11. The said document was dated 21.10.2002. It clearly spells out the mutual consent of the parties to live separately. The learned Judicial Magistrate, without properly appreciating the said document and without applying the principle of law found in Sub-Section 4 of Section 125 Cr.P.C., has erroneously held that the respondent (wife) was entitled to maintenance. The said order passed by the learned Judicial Magistrate, which is against the spirit of the statute and passed in ignorance of the said statutory provision, is definitely infirm and discrepant. The non- application of the said statutory provision to the case on hand by the learned Judicial Magistrate will make his order unsustainable. This Court is satisfied that the said order has got to be set aside in exercise of the revisional powers of this Court.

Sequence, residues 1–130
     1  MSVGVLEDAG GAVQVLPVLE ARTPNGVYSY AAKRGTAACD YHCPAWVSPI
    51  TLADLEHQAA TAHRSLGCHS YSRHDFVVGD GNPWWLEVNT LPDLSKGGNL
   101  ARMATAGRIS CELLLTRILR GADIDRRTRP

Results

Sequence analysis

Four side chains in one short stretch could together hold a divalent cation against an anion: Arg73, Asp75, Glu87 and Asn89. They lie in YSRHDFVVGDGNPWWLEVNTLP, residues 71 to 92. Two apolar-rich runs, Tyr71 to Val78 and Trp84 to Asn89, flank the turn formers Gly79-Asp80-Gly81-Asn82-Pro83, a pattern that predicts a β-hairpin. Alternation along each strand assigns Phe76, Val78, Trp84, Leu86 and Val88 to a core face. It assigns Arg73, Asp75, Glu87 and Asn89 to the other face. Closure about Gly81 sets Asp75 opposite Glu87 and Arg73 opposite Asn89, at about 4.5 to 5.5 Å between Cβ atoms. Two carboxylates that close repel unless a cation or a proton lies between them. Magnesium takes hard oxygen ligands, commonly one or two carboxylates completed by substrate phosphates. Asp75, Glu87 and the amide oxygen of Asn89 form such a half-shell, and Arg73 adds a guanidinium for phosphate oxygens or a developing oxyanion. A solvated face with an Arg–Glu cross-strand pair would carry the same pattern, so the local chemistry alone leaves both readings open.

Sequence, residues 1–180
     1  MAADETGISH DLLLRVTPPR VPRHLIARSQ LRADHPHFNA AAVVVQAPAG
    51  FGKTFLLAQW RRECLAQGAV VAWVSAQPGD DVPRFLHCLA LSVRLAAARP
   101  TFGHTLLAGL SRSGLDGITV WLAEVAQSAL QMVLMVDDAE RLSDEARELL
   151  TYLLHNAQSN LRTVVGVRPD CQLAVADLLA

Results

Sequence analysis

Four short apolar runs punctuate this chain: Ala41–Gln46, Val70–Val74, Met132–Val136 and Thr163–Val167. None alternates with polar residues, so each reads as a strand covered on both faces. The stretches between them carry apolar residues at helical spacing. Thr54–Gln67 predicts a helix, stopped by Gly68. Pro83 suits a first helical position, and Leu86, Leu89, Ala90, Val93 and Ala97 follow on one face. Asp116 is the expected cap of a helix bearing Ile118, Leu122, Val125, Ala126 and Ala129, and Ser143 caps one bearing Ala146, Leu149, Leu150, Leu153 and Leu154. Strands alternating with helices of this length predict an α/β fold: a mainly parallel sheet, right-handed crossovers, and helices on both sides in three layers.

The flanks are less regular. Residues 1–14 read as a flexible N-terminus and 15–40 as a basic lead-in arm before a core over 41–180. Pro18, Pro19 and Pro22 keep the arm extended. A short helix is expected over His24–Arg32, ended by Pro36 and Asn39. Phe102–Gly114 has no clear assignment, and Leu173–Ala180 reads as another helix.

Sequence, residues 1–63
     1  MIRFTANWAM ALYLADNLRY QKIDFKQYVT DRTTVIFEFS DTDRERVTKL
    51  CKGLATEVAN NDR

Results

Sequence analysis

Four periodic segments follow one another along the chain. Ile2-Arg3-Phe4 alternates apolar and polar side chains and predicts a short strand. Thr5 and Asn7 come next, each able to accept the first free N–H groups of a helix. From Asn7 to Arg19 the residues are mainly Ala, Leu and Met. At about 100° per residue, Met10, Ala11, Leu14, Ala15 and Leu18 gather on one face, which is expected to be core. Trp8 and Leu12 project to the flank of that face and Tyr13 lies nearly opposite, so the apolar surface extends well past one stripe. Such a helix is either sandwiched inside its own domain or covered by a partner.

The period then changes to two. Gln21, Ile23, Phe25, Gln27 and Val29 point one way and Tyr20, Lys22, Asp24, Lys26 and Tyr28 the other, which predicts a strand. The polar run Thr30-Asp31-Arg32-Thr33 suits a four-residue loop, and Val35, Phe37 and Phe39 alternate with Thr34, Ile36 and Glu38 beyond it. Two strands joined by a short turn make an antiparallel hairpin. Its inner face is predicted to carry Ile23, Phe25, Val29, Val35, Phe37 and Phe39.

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 12. In the result, the revision case succeeds and accordingly the same is allowed. The order of the learned Judicial Magistrate No.2, Ponneri dated 2.9.2005 passed in M.C.No.4 of 2003 is hereby set aside. M.C.No.4 of 2003 shall stand dismissed. Consequently, connected M.P.No.8952 of 2005 is closed. No costs.

To

The Judicial Magistrate No.2, Ponneri.